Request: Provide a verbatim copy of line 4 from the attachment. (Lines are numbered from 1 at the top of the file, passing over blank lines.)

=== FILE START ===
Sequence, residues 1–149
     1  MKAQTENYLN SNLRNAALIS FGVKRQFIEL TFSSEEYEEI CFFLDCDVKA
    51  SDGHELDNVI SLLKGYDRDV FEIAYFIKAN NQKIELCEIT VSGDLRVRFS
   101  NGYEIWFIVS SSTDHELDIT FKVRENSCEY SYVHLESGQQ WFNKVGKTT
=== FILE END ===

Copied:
   101  NGYEIWFIVS SSTDHELDIT FKVRENSCEY SYVHLESGQQ WFNKVGKTT